Headlines: September 22nd, 2010

More than 82,000 households in London could lose their homes due to housing benefit changes. A survey of landlords by London Councils shows the real impact the government’s proposed changes to the housing benefit system will have on some 250,000 people in the capital.

Changes to Local Housing Allowance, the housing benefit for tenants renting privately, were announced by the government in June as part of a drive to stop people on benefits renting properties in expensive areas.

Landlords were asked in the survey whether they would cut the rent, refuse to renew tenancies or evict if tenants could not keep up with their rent payments as a result of the new caps. Approximately 60 per cent of landlords surveyed said they would not lower the rent by any amount if the tenant could not pay the full rent due to changes in LHA entitlement. If the shortfall in rent rises to over £20 per week, almost all landlords said they would evict the tenant or not renew the tenancy at the end of the period.

Over a quarter of landlords said they would decrease the number of properties they make available to people in receipt of housing benefit if these changes go ahead.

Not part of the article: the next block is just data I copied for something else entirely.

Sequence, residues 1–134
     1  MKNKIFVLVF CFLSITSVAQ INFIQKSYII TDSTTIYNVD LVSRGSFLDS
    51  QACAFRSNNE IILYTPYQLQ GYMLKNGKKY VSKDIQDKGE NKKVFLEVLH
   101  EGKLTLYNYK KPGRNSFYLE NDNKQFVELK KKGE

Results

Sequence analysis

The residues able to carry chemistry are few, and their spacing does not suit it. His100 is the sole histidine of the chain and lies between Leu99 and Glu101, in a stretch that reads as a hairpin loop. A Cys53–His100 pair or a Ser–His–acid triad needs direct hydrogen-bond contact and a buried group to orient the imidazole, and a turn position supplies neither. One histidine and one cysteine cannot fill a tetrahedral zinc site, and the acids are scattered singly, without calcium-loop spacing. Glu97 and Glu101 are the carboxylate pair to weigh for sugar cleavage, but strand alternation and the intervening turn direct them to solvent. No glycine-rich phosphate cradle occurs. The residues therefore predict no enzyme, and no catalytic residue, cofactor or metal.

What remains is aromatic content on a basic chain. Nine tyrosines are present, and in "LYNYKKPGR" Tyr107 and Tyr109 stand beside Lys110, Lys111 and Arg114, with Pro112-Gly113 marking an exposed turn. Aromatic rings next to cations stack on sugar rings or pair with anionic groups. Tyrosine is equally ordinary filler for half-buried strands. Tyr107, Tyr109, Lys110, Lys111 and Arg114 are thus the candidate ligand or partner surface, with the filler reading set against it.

London Councils’ figures show that instead of forcing the market to accept lower rents, the new caps will lead to even fewer homes being available for rental by people on low incomes.

Those unable to keep up with their rents will either be made homeless, forced to move into overcrowded accommodation, or have to move to less expensive boroughs, putting pressure on services like schools.

As part of a wider package of recommendations to help those most affected by the changes, London Councils is urging the government to increase an existing hardship fund to £18 million from next year.

London Councils Executive Member for Housing, Mayor Sir Steve Bullock said: “Judging from the reactions of landlords in our survey, the government’s proposals will have a huge impact on people living in the capital. More than 82,000 households, many of them in work but on low incomes, could lose their homes. This could equate to as many as 250,000 Londoners.”